Water damage occurs when excess water begins to pool in areas where it shouldn’t. Many different factors can create this excess water and thereby contribute to water damage. When you are aware of the potential causes, you can take precautionary measures to help insure against a leak or flood. You will also be able to spot a problem as soon as it arises and nip it in the bud before it has a chance to cause any additional damage. The more quickly you notice the problem, the less work the water extraction and >water damage restoration company will have to fix.
Inspect damaged materials for mold and mildew. Mold can start to grow in the right conditions in as little as 24 hours. For long-term issues, like mold caused by attic condensation, the mold may have started growing a long time ago. And if you find mold and mildew issues, you need to be very careful. Some mold is toxic to humans, and all mold is very damaging to the materials it infests. For small mold issues, cut out the material, bag it, and throw it away immediately. For serious mold issues, get out of the area, shut down any airflow (to avoid spore contamination) and call a professional. And keep in mind that mold can show up in hidden areas like inside walls or under floors, so this inspection and water damage repair will be ongoing.

If you’ve just experienced a water event, you might be wondering what to do next: Seeping water damage is progressive, pervasive and can mean valuable objects may become permanently damaged – especially if emergency response is delayed beyond the first 48 hours. When moisture seeps into items of value there are immediate steps that can be taken to reduce the amount of long-term damage that results.


Part of drying a house and cleaning it is knowing what you are doing, not learning on the job. Our team is local, understands the soil and water tables of Virginia, but using national standards. We’ve got thousands of happy customers in Northern Virginia, Maryland, and Washington DC, and if you look through our testimonials we probably have one from your town. We’re a hometown team, so your neighbors are our neighbors.
No type of flood damage, no matter the source of the water, is covered by standard homeowners policies. Flooding, for example, can occur from storms, over-saturated ground, overflowing or surging bodies of water such as rivers, ponds, lakes and oceans. You may be able to purchase a separate flood insurance policy through the National Flood Insurance Program.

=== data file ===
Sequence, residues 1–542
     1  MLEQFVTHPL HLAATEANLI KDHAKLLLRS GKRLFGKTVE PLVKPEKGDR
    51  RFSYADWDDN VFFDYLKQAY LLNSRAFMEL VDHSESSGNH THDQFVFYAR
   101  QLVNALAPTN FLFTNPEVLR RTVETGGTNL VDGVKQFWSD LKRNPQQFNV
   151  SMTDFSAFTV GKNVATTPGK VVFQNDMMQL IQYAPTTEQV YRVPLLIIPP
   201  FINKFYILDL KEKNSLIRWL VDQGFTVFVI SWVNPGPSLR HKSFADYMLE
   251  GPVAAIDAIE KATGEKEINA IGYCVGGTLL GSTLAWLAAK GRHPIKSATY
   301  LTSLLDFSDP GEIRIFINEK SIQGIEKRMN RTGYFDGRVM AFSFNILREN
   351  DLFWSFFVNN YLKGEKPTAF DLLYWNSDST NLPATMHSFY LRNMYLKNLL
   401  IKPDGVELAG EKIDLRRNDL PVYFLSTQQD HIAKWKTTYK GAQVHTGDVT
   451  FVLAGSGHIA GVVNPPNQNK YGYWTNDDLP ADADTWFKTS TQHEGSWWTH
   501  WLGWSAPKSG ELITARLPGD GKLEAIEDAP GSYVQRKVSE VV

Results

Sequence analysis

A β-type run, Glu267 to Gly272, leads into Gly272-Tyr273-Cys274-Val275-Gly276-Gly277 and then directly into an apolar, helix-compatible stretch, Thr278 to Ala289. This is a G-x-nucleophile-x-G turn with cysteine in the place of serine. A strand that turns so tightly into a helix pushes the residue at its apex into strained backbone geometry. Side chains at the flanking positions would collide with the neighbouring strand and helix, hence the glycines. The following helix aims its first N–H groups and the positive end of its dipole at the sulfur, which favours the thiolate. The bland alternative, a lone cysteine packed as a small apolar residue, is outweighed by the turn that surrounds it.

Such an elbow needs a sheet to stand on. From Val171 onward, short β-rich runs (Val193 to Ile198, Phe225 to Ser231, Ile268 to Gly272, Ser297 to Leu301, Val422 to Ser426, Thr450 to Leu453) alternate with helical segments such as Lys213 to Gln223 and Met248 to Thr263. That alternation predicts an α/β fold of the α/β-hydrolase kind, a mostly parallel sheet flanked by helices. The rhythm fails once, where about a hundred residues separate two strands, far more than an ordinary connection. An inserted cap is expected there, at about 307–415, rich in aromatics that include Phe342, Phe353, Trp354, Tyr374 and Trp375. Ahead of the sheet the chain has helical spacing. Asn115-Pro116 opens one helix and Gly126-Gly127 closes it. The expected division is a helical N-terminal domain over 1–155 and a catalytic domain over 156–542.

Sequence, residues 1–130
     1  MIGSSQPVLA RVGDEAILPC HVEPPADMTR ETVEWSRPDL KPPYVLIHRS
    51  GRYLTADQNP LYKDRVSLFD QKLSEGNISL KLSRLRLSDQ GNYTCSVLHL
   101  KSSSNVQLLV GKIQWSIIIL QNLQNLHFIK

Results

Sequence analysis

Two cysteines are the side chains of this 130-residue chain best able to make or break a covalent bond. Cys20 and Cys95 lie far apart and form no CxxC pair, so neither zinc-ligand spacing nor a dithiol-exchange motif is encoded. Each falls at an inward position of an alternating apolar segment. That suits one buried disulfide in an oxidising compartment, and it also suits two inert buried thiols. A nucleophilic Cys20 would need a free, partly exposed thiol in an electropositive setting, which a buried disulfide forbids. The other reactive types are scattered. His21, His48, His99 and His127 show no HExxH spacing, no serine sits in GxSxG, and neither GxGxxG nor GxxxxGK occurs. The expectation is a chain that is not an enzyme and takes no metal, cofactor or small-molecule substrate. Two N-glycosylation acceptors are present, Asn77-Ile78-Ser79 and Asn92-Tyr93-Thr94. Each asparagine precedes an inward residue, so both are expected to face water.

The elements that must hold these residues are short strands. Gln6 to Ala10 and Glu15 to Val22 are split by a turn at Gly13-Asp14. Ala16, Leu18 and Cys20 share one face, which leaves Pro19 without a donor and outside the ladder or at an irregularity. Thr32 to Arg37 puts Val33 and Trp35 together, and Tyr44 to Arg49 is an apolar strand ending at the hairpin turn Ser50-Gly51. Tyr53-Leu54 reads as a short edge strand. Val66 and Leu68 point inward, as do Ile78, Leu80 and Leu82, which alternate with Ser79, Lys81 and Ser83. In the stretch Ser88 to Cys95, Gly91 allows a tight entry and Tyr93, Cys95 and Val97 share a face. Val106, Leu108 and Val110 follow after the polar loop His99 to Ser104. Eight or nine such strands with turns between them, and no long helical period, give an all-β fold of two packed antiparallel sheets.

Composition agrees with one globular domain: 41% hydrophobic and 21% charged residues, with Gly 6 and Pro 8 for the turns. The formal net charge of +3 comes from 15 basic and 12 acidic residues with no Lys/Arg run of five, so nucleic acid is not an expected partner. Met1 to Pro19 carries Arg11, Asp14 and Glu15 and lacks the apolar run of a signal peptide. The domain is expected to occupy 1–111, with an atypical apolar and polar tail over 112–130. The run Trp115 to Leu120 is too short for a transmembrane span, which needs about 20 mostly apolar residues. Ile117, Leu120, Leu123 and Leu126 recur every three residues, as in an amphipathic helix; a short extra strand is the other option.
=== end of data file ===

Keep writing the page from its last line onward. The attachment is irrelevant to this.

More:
In addition, it’s important to have a working flashlight and turn off all water and electrical sources within the home, says Dr. Maurice A. Ramirez, author of “The Complete Idiot’s Guide to Disaster Preparedness.” Even if the power isn’t operational, it’s a good idea to go to your fuse box and turn off the main, plus all of the individual fuse connections. That way, if the power is reactivated, you’re not at risk for mixing standing water and electricity.

Wear a respirator or a facemask rated for black mold spore protection, and cover arms, legs and hands to avoid contact with mold spores. Use soap and a sponge to remove visible mold. If the moldy area is dry, lightly spray with water, as this will reduce the incidence of airborne mold spores during cleaning. Next, use commercial black mold removal products, which can be found in most hardware or home repair stores, to disinfect the moldy areas, in addition to any adjacent areas. If you use bleach, make sure it won't discolor the material or surface. Place all sponges, equipment and other materials used in cleaning in a heavy duty garbage bag, and if possible, remove the bag through an nearby exit as opposed to the main house, to avoid distributing mold spores.
Even a competent DIYer should have a qualified professional assess the damage first — making sure no part of the cleanup is missed. Before doing anything, check with your insurance company — they may require a licensed assessment. Don't wait. As soon as you detect any damage, call a professional. With time, each class and category quickly degrades into something worse.

Category 3 Water - Known as "black water" and is grossly unsanitary. This water contains unsanitary agents, harmful bacteria and fungi, causing severe discomfort or sickness. Type 3 category are contaminated water sources that affect the indoor environment. This category includes water sources from sewage, seawater, rising water from rivers or streams, ground surface water or standing water. Category 2 Water or Grey Water that is not promptly removed from the structure and or have remained stagnant may be re classified as Category 3 Water. Toilet back flows that originates from beyond the toilet trap is considered black water contamination regardless of visible content or color.[6]
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